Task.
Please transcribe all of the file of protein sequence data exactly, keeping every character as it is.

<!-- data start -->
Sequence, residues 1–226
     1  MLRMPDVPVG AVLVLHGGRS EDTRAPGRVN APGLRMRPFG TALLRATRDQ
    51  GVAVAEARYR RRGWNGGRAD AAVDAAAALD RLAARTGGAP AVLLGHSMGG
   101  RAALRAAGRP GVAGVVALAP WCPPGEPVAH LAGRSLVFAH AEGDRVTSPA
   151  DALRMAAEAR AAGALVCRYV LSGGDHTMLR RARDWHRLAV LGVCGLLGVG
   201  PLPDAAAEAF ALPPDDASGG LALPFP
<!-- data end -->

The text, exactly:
Sequence, residues 1–226
     1  MLRMPDVPVG AVLVLHGGRS EDTRAPGRVN APGLRMRPFG TALLRATRDQ
    51  GVAVAEARYR RRGWNGGRAD AAVDAAAALD RLAARTGGAP AVLLGHSMGG
   101  RAALRAAGRP GVAGVVALAP WCPPGEPVAH LAGRSLVFAH AEGDRVTSPA
   151  DALRMAAEAR AAGALVCRYV LSGGDHTMLR RARDWHRLAV LGVCGLLGVG
   201  PLPDAAAEAF ALPPDDASGG LALPFP